The battle for Uttar Pradesh will now be fought by two Gujarat leaders for their respective parties, reports Saroj Nagi
On Sunday, when Bihar grabbed the headlines because of the Janata Dal-United’s decision to end its 17-year old marriage with the Bharatiya Janata Party-led National Democratic Alliance, the real story was unfolding in neighbouring Uttar Pradesh where, as part of its organisational reshuffle, the Congress gave Madhusudan Mistry the charge of overseeing the party’s affairs in the key Hindi-speaking state.
Mistry’s appointment comes within days of the BJP entrusting the task of rejuvenating the saffron brigade in UP to former Gujarat home minister Amit Shah, who is known for his proximity to Chief Minister Narendra Modi.
Indeed, when BJP president Rajnath Singh made Shah a general secretary of the party and then assigned him the task of handling UP, the signal was clear, that Shah’s mentor, Modi, would be elevated as election campaign committee chief.
Mistry, like Shah, is from Gujarat. He had represented Sabarkantha in the 14th Lok Sabha. He earned the onerous task of reviving the organisation in UP after he impressed Congress president Sonia Gandhi and vice president Rahul Gandhi by winning Karnataka for his party. The party bosses were particularly happy that he was able to get the faction-ridden party to put up a united front against a divided BJP in the elections in a state where it has been out of power for seven years.
Mistry, a tribal leader who joined the Congress in the mid-’90s along with Shankarsinh Vaghela, is a member of the Rahul Gandhi-led election coordination committee for the 2014 general election and heads one of its three sub groups.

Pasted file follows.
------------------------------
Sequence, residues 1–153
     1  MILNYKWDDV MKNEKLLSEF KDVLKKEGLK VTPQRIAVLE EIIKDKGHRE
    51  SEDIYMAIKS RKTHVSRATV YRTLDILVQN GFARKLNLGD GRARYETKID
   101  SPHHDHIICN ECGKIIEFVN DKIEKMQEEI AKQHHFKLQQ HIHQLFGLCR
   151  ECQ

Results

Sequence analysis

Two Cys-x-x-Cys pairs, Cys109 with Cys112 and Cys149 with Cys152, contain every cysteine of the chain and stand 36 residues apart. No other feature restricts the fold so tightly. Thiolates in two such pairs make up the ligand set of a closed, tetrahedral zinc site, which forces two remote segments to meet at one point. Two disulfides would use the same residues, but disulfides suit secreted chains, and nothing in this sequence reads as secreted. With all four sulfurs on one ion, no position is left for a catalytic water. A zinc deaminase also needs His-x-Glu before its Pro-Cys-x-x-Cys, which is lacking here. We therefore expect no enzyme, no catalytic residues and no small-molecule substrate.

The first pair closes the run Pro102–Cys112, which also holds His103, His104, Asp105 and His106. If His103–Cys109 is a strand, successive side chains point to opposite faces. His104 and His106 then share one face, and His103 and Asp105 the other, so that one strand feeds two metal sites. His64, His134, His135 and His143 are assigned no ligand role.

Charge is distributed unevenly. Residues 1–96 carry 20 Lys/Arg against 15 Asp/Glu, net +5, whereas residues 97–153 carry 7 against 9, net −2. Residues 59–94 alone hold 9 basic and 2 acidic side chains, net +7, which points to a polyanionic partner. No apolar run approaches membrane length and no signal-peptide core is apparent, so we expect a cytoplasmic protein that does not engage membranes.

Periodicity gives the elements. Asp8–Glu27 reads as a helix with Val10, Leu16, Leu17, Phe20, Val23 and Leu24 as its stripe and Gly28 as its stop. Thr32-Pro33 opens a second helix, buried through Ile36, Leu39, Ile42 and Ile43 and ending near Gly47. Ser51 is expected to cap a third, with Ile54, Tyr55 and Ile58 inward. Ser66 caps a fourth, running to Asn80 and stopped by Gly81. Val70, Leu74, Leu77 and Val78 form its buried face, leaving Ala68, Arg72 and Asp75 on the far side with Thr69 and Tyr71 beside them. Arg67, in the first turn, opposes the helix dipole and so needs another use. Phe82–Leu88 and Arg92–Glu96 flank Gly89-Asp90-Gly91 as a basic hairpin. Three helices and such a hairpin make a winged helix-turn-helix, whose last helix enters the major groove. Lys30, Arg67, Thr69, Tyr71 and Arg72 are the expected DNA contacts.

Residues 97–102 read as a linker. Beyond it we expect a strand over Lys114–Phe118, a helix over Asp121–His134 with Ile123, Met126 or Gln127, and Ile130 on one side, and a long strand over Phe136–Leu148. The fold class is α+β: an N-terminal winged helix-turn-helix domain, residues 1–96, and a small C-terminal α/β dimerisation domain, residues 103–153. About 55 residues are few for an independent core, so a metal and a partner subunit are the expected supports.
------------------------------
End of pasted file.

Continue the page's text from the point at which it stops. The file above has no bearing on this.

The two Gujarat leaders -- out to raise the fortunes of their party in the state which is dominated by Mulayam Singh Yadav’s ruling Samajwadi Party and Mayawati’s Bahujan Samaj Party -- are as different from each other as chalk from cheese.
If Shah is aggressive and brash and is known for his organisational abilities, Mistry is low profile and, if the Karnataka experience goes, spends his time trying to find common ground between the contending factions in the state.
It will be a battle to watch out for when the two leaders start their campaign to win back the state for their respective parties. Both have a long haul before them. The Congress has been out of power in UP for over two decades now. The last chief minister the BJP had in UP was Rajnath Singh in 2002. Since then, it has been fighting a losing battle in the state.
After winning 57 Lok Sabha seats in 1998, the BJP suffered a steady decline. It could win only 10 seats in the 2004 and 2009 general elections and 51 and 47 seats in the 2007 and 2012 assembly elections. The Congress’s vote share tumbled from 18.25 pc in 2009 to 11.63 pc in 2012 when it could win only 28 of the 403 assembly seats.
Shah has already made his first tour of the state and is believed to have chalked out a 10-point roadmap for his party which includes a meticulous and detailed plan of tightening the party’s management of booths. Mistry too will have to chalk out his strategy.